From The Beatles arguably being the first to introduce the idea in the late 60s, to the accusations of evil messages hidden in the songs of seventies rock bands; right through to the popular 90s tradition of tucking away hidden tracks at the tail-end of a CD’s running time – it’s always been a particularly physical phenomenon.

It’s also something that’s harder to achieve in the digital era, so sit back and enjoy as we uncover the more interesting hidden stories and messages, the secret and not-so-secret things that musicians have attempted to bury.

Guns N’ Roses – ‘Look At Your Game Girl’

While hidden tracks are a left-field move for any band, covering a song by a convicted murderer and cult leader goes beyond contrariness. But that’s exactly what Guns N’ Roses did with the Charles Manson-penned ‘Look At Your Game Girl’, which appeared hidden away on their 1993 album The Spaghetti Incident; and it almost seems wrong to say, but the original is better.

Led Zeppelin – ‘Stairway To Heaven’

In 1982, a US television program alleged that hidden messages were contained in many popular rock songs through a technique called backward masking. The cited example was ‘Stairway To Heaven’, which the show claimed included satanic references. The alleged message occurs during the song’s middle section (“If there’s a bustle in your hedgerow…”). Which very loosely translated to: “Oh here’s to my sweet Satan. The one whose little path would make me sad, whose power is Satan. He will give those with him 666. There was a little tool shed where he made us suffer, sad Satan.”

You Am I – ‘Forget It Sister’

Widely considered one of the finest Australian albums of all time, Hourly, Daily is a sprawling tour of suburban Sydney through the eyes of the laconic Tim Rogers. One of the album’s highlights is the hidden track, ‘Forget It, Sister’ which arrives after a few minutes of silence following the closer, ‘Who Takes Who Home’. Unexpectedly, Rogers chimes in with “good morning baby” bringing the record full circle to the early hours, and opening “Good Mornin” – an ode to breakfast radio.

Nirvana – ‘Endless, Nameless’

The nihilistic squall of this hidden track, buried at the quintessential grunge band’s iconic Nevermind showcases Kurt Cobain’s love for the Pixies’ style dynamics – but without his usual interest in pointed pop melodicism. Instead it’s a crash and bash of tuneless distortion, and feverish squeals of nonsense. If ‘Smells Like Teen Spirit’ broke Nirvana into the mainstream, ‘Endless, Nameless’ was a reminder that Kurt and co. were still noisy rebels at heart.

The Beatles – ‘Her Majesty’

Rounding off 1969’s Abbey Road is ‘Her Majesty’, a Paul McCartney ditty that appears 14 seconds after ‘The End’, the album’s last listed song. At less than 30 seconds long, there’s not much going on – it’s just Paul, acoustic guitar, a lovely vocal melody, and some amusing lyrics including “Her majesty’s a pretty nice girl / but she doesn’t have a lot to say”. In fact, the Fab Four are often credited with inventing the secret track phenomenon, with the sound collage at the end of Sgt. Pepper’s that loops infinitely on vinyl players.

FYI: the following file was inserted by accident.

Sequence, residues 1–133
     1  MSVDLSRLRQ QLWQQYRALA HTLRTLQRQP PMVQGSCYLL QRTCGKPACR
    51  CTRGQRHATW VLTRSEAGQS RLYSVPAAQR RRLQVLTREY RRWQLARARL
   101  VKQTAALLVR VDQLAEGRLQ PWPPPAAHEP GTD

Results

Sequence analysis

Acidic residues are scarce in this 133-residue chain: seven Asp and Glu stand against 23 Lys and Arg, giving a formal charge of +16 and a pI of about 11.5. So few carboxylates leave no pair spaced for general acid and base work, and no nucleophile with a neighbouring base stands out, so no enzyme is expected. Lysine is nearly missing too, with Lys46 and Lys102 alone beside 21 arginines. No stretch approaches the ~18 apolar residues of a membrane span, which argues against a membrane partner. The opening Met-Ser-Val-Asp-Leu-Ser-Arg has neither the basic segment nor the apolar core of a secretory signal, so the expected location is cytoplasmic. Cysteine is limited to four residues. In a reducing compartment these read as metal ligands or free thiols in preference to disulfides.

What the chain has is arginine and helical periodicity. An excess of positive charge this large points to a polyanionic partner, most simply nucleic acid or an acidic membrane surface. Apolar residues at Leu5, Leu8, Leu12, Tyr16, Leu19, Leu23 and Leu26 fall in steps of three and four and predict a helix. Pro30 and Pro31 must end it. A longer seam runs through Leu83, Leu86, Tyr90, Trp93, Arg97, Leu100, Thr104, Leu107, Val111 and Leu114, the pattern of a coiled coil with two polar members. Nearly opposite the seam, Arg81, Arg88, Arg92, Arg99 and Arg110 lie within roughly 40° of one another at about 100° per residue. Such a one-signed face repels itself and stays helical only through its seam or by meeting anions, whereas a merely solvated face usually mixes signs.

The Jam – ‘English Rose’

While Paul Weller spent the ’80s revelling in his newfound feminine side with The Style Council, he wasn’t always so comfortable with such outward displays of sensitivity. So goes the story behind ‘English Rose’, a beautiful acoustic ballad that appears on side one of 1978’s All Mod Cons. While it plays conventionally as track four on all copies of the record, its obscurity is owed to the fact neither the song’s title nor lyrics were printed on the sleeve because Weller believed it was too personal.

Blur – ‘Me, White Noise’

The hidden track from the Britpop luminaries’ last studio album before their hiatus, 2003’s Think Tank, recalls one of their most famous collaborators, the voice behind ‘Parklife’ and mod icon, Phil Daniels. Entitled ‘Me, White Noise’, the song appears in the pre-gap (the portion of audio before track one). Clocking in at nearly seven minutes, Damon Albarn spits gravel over a midnight dance beat. Those desperate for Blur rarities would do well to check this out.

Eels – ‘Mr E’s Beautiful Blues’

Mark Oliver Everett and his musical outfit had a minor hit in 2000 with ‘Mr E’s Beautiful Blues’, reaching number #11 on the UK Singles chart. The lead single from their third record Daisies Of The Galaxy, the band threw fans a curve ball by leaving it off the track listing on original pressings of the album. Which means that the song may be the most commercially successful hidden track ever. Sneaky stuff.

Tool – ‘10,000 Days’

It’s one thing to hide a song in the pre-gap of an album, or bury at the end; but the hidden track on Tool’s 10,000 Days is a wildly different (and more inventive) proposition. Essentially, it’s a DIY secret that only enterprising Tool fans (is there any other kind?) will be able to piece together. Joining ‘Wings of Marie’ and ‘Vigniti Tres’ together, and then playing them alongside the 11- minute title track, reveals a densely layered epic. Cryptic and clever, huh?

Pink Floyd – ‘Empty Spaces’

Isolated on the left channel of this track from the classic Pink Floyd album The Wall is a secret message. When played backwards, Roger Waters’ voice appears saying: “Congratulations, you have just discovered the secret message. Please send your answer to Old Pink, care of the Funny Farm, Chalfont.” A clever nod to the music world’s obsession with ‘satanic messages’ hidden in popular music.

Public Enemy – ‘Ferocious Soul’